Earlier this week, a team of researchers from Keen Security Lab – a part of Chinese internet giant Tencent – demonstrated in a video how it had managed to remotely hack a Tesla Model S.
In addition to doing things like opening the sunroof and moving the seats by controlling the parked vehicle from a few feet away, the team also showed that it could disable the in-dash control panel, and even engage the brakes from a remote location 12 miles away.
The researchers noted that they were able to do so after they discovered numerous security flaws in Tesla’s vehicle systems and that their remote hacking methods would work on various models of the company’s cars.
The hack prompted Tesla to act quickly; within 10 days of receiving a report from Keen Security Lab, the company devised a fix and rolled out a security update that it says will prevent such breaches in the future.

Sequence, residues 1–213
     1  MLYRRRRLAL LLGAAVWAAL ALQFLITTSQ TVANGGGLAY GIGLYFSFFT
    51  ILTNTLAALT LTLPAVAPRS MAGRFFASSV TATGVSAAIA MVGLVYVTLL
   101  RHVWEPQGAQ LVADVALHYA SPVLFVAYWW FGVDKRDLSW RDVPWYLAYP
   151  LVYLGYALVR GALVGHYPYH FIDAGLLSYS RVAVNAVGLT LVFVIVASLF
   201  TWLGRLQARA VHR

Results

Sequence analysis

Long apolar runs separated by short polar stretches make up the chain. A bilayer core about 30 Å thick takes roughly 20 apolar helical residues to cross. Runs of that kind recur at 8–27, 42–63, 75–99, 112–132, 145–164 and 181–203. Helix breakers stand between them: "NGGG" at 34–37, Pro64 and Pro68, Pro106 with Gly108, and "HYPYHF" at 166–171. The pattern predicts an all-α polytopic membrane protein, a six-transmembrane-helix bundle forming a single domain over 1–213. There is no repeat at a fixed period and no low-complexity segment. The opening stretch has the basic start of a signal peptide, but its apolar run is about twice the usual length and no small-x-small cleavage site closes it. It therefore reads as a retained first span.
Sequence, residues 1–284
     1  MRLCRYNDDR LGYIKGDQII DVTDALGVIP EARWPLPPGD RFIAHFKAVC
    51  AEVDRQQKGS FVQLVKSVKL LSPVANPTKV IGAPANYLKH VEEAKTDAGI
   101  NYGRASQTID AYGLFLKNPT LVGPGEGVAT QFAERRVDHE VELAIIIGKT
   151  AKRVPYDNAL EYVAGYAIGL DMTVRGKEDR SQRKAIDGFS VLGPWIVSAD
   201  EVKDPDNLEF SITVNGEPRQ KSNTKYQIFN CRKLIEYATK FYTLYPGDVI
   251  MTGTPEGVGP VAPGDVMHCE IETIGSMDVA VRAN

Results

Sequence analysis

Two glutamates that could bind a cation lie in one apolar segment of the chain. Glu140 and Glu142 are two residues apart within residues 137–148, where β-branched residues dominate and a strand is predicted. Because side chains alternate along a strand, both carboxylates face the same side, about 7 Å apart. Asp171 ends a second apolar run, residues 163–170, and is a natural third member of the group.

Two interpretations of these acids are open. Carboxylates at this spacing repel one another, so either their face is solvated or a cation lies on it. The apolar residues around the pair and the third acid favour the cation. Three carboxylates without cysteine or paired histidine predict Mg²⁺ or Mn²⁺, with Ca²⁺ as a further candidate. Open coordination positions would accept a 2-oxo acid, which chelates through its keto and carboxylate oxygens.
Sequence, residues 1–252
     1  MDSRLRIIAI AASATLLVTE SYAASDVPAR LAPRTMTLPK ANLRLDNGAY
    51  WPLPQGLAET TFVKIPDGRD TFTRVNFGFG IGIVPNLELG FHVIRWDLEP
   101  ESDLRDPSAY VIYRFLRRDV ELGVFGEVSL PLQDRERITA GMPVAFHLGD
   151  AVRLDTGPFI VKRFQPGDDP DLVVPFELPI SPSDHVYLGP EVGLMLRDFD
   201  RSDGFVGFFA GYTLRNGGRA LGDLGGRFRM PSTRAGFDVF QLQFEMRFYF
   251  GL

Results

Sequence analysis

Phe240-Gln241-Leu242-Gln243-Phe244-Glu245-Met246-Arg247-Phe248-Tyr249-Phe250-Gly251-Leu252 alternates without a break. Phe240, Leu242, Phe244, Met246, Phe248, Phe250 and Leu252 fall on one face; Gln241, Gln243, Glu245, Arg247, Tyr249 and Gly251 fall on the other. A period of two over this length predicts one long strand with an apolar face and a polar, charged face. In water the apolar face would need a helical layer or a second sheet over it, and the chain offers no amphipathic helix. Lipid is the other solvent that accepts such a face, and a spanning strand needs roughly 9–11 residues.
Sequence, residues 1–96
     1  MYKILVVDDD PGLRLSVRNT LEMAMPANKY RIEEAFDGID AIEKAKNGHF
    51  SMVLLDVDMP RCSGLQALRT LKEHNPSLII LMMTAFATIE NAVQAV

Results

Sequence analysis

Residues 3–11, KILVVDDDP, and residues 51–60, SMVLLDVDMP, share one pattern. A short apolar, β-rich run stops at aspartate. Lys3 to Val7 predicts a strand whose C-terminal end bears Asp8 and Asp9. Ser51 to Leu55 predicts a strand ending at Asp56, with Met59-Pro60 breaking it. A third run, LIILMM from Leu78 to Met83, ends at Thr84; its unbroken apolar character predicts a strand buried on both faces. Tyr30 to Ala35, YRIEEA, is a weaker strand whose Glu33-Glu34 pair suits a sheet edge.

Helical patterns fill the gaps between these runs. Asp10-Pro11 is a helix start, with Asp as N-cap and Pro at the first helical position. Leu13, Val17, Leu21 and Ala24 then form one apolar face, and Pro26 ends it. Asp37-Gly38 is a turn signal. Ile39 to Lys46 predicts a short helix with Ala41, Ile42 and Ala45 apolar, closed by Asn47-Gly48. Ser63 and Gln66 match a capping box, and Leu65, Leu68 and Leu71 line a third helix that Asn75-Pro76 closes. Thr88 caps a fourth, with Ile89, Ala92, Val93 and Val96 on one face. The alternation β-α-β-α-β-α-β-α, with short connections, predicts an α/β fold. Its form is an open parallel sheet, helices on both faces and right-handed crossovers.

While Tesla owners who upgrade to the latest firmware version should be safe, it’s worrying to think that we’ll soon have millions of connected vehicles on our roads and they’ll potentially be at risk of remote attacks.
Tesla told Reuters that the attack could only be triggered when a Tesla in-car browser was in use and the vehicle was in range of a compromised Wi-Fi hotspot to connect to it.
But let’s not kid ourselves: The future will be all about ubiquitous connectivity and cars will need to be online to talk to each other for things like navigation and avoiding each other.
The current generation of IoT devices for connected homes already shows the problems that can arise when security isn’t made a top priority. While issues with those devices can result in us being locked out of our houses or being unable to turn the lights on, cars that can be remotely hacked present a more immediate danger.
Hopefully, automakers will be able to put robust security measures – and fallbacks – in place before we all start riding self-driving cars.
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Published September 21, 2016 — 09:35 UTC